Billy Meier’s Credibility
Among the thousands of transmissions that Meier documented from his conversations with extraterrestrials, and his experiences with time and space travel, are myriad prophecies — some that have arguably come to fruition, some that are said to have not yet come to pass, and others that have been proven to be completely erroneous.
Some of Meier’s claims involved not-yet-discovered facts about the solar system, including a description of Amalthea, the closest moon to Jupiter, which he claimed was 200km in length. While unfortunately incorrect, a 1979 article in the New York Times also came to the same wrong conclusion about Amalthea. Meier also asserted that another Jupiter moon, known as Io, had once been covered with water, which was also later proven to be incorrect.
Billy Meier’s credibility fell further upon the discovery that thousands of photos he’d taken in the 1970s proved to be fabrications. These photos featured purported spacecraft, referred to as “Beamships,” flying over the countryside. Over the years, the validity of these pictures has been dismissed for myriad reasons, including that the spacecraft was perfectly focused and centered within the frame. Upon close inspection, numerous photos were also found to contain household items, passing for pieces of the ships, such as eye-screws that suspended the models in the air, or even cups, bowls, and paper plates that made up the bodies of the crafts.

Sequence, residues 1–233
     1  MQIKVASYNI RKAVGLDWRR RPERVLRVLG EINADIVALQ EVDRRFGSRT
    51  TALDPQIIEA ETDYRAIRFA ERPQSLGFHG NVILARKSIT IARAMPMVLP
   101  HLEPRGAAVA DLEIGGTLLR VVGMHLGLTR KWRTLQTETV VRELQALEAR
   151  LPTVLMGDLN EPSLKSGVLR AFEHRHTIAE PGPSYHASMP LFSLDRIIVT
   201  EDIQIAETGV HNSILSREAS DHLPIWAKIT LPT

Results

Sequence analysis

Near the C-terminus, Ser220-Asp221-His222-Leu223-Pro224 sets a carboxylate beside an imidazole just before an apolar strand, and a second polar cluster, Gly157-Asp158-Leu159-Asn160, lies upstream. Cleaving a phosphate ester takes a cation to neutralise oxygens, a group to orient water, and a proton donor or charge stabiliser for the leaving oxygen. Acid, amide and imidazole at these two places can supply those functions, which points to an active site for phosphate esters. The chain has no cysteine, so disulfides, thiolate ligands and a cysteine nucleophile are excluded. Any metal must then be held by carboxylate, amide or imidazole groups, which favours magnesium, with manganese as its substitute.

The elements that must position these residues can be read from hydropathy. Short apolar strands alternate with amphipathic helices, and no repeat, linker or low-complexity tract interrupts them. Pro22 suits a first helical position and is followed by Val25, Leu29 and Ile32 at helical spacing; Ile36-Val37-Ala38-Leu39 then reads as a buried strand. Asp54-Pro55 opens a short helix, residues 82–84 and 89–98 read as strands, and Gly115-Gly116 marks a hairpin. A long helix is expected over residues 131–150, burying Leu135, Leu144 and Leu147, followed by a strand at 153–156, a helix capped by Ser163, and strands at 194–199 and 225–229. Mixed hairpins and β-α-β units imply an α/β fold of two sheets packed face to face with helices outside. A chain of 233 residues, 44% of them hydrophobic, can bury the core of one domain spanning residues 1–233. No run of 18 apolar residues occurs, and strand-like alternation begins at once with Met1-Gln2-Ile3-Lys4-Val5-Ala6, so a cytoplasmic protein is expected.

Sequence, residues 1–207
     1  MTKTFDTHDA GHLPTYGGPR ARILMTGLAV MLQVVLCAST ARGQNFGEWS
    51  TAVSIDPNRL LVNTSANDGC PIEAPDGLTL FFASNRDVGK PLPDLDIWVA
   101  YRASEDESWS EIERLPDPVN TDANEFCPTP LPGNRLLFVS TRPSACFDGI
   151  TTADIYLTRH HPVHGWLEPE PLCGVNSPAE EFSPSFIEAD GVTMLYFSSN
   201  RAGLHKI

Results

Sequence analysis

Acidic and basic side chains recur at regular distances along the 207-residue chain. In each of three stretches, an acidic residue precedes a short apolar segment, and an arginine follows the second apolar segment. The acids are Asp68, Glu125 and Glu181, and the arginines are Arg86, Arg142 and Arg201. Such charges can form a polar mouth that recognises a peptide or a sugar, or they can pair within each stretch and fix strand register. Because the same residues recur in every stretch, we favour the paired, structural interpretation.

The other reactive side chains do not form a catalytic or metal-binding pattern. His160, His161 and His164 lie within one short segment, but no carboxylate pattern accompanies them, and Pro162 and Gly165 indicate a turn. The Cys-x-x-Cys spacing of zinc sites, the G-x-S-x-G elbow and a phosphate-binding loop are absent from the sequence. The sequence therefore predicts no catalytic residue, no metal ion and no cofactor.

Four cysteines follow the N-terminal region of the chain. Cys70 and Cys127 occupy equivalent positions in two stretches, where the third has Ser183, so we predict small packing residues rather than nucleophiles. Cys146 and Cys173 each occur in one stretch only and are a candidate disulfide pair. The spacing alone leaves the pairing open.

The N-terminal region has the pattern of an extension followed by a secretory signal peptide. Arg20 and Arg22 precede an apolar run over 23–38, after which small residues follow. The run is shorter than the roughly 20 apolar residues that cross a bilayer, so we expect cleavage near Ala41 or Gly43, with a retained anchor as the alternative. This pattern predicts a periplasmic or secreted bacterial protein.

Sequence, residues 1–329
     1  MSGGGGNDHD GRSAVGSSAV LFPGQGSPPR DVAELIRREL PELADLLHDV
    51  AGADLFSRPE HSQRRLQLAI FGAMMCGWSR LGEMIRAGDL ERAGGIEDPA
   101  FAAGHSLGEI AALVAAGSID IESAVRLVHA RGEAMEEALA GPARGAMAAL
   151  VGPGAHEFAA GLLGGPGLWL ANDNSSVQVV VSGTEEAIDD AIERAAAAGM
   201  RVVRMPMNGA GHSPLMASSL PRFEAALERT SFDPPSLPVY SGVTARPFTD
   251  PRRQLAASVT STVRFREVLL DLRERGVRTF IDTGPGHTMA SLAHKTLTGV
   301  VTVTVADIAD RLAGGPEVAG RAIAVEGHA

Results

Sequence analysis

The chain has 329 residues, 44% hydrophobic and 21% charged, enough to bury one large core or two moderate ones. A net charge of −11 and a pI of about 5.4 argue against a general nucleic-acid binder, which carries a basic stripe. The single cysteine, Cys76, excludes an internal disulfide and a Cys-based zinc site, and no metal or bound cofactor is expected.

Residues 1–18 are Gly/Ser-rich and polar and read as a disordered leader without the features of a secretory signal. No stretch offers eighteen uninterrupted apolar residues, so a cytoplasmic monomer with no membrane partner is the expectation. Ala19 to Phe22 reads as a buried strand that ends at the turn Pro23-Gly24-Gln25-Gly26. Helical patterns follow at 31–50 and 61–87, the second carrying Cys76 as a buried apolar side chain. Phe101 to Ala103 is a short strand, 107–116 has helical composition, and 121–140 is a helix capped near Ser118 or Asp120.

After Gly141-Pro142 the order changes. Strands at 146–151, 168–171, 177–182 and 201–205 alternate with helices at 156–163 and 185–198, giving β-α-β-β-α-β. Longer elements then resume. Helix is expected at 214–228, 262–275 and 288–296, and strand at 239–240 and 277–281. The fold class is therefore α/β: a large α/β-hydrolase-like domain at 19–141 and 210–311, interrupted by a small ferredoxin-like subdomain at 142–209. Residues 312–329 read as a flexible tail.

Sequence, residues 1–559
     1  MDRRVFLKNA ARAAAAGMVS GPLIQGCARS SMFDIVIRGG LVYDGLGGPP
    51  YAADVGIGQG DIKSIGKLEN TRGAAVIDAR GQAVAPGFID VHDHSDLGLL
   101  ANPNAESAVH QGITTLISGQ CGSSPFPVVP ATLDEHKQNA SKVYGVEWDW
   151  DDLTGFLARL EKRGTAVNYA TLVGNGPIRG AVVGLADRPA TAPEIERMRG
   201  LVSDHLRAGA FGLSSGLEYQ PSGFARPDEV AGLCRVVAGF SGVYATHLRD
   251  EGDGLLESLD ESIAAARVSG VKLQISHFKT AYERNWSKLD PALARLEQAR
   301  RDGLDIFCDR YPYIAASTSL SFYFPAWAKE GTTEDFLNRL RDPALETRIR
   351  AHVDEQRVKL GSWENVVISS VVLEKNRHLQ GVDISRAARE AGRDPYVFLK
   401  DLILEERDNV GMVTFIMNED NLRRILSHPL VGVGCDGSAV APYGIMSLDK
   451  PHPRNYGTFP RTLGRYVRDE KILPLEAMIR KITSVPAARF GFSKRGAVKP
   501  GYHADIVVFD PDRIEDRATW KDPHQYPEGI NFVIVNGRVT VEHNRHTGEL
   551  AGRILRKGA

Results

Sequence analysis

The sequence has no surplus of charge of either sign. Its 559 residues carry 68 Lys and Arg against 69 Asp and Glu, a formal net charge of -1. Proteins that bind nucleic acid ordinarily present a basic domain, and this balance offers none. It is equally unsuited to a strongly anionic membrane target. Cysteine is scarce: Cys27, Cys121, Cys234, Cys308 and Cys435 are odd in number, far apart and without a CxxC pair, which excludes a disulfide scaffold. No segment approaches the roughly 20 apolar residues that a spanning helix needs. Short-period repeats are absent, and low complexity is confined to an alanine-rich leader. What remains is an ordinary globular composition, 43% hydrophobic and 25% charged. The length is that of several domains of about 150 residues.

Despite the predictions, photographs, and false claims, Meier somehow retained many followers due to several larger, accurate claims. He foretold of the two wars the United States would carry out in Iraq, as well as the dire effects of climate change and overpopulation. He is believed to have warned of the AIDS epidemic that swept over the world, SARS, and the rapid outbreak of terrorism in the 21st century.
Billy Meier’s grave predictions continue to hit closer to home as humankind inches closer to the disaster at the hands of global warming, nuclear warfare, unchecked ecological damage, and overpopulation that taxes resources the world over. Among his darker predictions, Meier has warned of World War III, which would result from the United States’ interference with the interests of other countries. This interference, he insists, will eliminate three-quarters of the world’s population, devastating all major cities in North America.